Enoch Li poses for a photo with China Plus host Manling. [Photo: China Plus]
Enoch was born in 1981 into a middle-class family that spent time in Hong Kong and Australia. Her family emigrated so the children had more education opportunities. Enoch became a synonym for excellence within her family and among their friends: She attended the best schools the family could afford, and jetted off to earn degrees in international law, international relations, and government from the University of London, the University of Hong Kong, and the Institut d'Etudes Politiques de Paris.
Her mother wanted her to study medicine, but when her grades weren't good enough, she pushed Enoch towards law and politics. Why not follow a path to something she would enjoy? Enoch explained that a career in banking gave her the opportunity to quickly leave Hong Kong and escape her mother. "Was your mother so scary?", I asked. No, Enoch said, but as a guaihaizi (乖孩子), an obedient child, she felt the weight of expectation and the ever-present boundaries that had been set for her that defined how she was expected to behave. Enoch has developed the habit to be excellent. "All your pain comes from being passively excellent", I concluded. Enoch was amused at this new expression concocted by me and asked whether she could quote it in her next book.
Enoch's mother grew up at a time when girls came second when it came to the allocation of the family's resources. If the household budget couldn't stretch to provide an education to all of the children, the girls were the first to go without. Many women carry the memory of watching their brothers go out into the world and of envying their schooling and the advantages that it brought them. As these girls grow up and become mothers, they do their best to make up for their own lost opportunities by protecting their children excessively and pushing them to excel.
When I asked about her father, Enoch said he was a university lecturer who could have become a genius in pure math under the right circumstances. He played a lessor role in family affairs, was comfortable with not making decisions in the family since this could avoid conflict at home. This is quite common among Chinese men.
After Enoch went into banking, it didn't take long for her to start climbing the ladder and recognized for her top performance. With a promising future, a good income, and a loving boyfriend, she shuttled between Hong Kong, Beijing, Shanghai, London, Tokyo, Paris, and Singapore, before severe migraines and a cascade of other symptoms brought her life to a tipping point. Uncontrollable thoughts about wanting to take her own life scared her into seeing a clinical psychologist and doctor. After she was diagnosed with depression, she asked the psychologist when she could go back to work again. In retrospect, she said she didn't see the warning signs, because she didn't think that depression could bring the life of a high-flyer like her to a standstill.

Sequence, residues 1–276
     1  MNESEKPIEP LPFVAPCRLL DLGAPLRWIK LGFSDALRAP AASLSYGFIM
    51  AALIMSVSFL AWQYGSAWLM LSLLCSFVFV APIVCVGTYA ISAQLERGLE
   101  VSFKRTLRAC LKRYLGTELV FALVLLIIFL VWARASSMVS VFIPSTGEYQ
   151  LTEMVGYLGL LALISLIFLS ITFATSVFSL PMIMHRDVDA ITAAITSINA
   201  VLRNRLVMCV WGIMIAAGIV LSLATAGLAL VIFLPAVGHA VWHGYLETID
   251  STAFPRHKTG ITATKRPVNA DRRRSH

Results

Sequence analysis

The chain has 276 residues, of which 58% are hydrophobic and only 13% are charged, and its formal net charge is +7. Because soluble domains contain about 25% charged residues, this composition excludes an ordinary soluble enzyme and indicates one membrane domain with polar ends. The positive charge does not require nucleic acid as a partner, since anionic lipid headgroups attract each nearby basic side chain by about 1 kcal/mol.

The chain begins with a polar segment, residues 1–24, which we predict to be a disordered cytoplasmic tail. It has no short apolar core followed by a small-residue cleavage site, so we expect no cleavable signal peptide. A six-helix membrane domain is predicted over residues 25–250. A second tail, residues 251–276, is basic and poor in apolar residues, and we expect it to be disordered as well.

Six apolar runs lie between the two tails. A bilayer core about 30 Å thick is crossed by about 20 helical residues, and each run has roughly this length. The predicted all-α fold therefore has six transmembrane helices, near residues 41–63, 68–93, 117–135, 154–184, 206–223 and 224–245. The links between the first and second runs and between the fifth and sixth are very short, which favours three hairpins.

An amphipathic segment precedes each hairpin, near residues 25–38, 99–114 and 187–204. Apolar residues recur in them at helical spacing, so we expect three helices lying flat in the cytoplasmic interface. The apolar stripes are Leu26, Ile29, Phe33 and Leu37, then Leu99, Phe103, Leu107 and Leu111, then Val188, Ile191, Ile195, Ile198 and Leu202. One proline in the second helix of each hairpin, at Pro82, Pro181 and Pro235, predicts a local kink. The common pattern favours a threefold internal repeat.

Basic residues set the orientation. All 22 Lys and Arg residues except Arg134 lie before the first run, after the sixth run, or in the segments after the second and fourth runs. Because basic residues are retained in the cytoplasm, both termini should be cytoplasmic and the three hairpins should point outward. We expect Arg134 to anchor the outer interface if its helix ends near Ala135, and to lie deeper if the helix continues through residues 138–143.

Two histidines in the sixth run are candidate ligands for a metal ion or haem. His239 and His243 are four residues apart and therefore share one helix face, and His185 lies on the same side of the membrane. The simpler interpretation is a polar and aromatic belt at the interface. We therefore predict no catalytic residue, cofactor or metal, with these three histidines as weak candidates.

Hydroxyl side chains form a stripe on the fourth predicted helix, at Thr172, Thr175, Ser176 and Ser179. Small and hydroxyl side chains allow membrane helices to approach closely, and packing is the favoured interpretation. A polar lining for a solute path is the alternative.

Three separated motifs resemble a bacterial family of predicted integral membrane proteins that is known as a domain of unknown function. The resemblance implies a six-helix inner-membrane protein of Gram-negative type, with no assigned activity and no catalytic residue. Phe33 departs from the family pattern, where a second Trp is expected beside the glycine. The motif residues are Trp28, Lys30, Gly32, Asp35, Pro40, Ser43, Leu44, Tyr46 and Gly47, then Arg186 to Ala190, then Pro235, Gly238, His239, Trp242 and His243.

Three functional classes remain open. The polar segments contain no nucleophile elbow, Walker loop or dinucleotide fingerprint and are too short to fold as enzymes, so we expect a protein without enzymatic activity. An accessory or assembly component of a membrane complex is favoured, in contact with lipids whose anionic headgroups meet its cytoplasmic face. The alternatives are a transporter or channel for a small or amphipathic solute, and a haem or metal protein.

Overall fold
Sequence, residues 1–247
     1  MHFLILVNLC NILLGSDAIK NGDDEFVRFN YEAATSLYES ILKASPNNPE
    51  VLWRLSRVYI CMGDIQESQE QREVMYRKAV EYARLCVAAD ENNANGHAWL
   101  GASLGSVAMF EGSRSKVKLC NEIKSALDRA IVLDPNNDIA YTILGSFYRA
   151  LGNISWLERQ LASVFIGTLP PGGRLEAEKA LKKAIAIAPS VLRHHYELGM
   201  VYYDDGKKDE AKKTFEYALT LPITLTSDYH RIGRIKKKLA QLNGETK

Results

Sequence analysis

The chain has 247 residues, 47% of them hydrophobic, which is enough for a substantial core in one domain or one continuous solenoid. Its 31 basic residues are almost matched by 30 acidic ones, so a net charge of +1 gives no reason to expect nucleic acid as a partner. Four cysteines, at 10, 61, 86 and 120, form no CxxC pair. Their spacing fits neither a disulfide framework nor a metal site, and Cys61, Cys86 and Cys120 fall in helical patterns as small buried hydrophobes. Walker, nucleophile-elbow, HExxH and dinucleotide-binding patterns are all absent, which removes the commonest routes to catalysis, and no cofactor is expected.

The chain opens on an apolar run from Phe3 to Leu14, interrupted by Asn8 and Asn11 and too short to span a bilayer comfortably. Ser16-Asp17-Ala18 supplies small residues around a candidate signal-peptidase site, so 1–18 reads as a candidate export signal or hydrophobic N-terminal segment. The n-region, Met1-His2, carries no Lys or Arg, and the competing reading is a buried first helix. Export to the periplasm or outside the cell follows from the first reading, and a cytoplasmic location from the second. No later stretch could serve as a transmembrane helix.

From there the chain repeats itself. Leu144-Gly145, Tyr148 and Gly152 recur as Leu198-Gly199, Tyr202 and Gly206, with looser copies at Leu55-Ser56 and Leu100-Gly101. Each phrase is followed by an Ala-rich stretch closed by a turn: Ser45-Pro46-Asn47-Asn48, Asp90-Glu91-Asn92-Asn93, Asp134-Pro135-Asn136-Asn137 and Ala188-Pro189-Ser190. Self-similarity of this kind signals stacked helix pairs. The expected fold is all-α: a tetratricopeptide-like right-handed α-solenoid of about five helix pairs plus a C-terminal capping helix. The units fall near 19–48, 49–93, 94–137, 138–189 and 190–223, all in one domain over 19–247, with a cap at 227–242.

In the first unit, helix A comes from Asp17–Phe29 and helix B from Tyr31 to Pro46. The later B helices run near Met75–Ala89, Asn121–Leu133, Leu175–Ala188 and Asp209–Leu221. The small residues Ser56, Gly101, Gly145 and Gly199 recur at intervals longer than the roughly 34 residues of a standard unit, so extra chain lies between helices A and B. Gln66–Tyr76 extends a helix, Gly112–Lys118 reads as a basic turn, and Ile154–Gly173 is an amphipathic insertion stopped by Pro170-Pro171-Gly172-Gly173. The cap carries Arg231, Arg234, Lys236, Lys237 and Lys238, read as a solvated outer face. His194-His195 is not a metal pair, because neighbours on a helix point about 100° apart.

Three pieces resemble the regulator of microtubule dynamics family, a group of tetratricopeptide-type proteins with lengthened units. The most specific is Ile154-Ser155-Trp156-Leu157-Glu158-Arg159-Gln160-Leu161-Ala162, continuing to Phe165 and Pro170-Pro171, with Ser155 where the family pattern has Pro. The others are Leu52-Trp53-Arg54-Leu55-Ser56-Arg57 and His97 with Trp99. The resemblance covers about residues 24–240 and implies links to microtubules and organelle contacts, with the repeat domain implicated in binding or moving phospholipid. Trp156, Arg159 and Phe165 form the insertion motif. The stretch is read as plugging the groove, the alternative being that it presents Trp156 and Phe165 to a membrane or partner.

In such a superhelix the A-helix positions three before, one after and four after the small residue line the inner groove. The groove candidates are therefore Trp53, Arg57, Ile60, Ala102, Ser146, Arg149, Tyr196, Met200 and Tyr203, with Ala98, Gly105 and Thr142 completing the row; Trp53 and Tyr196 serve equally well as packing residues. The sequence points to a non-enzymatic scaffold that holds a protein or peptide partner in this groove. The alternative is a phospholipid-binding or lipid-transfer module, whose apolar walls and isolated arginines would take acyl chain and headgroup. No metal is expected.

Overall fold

Enoch Li and her bears. [Photo: courtesy of Enoch Li]
Enoch felt numb. Through her eyes, life was devoid of hope, love, and friendship. She struggled to sleep and lost interest in food. She was lucky to have a supportive boyfriend fighting alongside her. He's now her husband and the father of their two children. He led her to discover her first toy bear and helped her to grow her bear kingdom into a business. Enoch named the first bear she received from him Floppie, because she felt that it, like her, was doing nothing except lie around the house achieving nothing. This might sound a bit grim, but it was a sign that Enoch had starting to come to terms with how she was feeling and was venturing into her own psychology. Enoch gives each of her bears a name and a personality. Playing with them and talking to them helped her to realize that she needed more in her life than just career success.
Enoch began the Bearapy's World Mental Health Day newsletter with a quote from the book "The Noonday Demon: An Anatomy of Depression" by the writer Andrew Solomon. "Depression is the flaw in love. To be creatures who love, we must be creatures who can despair at what we lose, and depression is the mechanism of that despair." Enoch pondered on this line until she finally figured out what she had been despairing: the loss of herself.
Many tiger mothers and wolf fathers justify their tough love or overprotection for their children with the belief that parents are there to make sure that their kids excel. They force their children to learn art, literature, and sports, because these hobbies will glorify their CVs and add charm to their personality. But by attaching practicality to extracurricular activities, parents strip the element of play out of their kids' hobbies. This turns them into burdens, rather than pursuits that nurture imagination and creativity.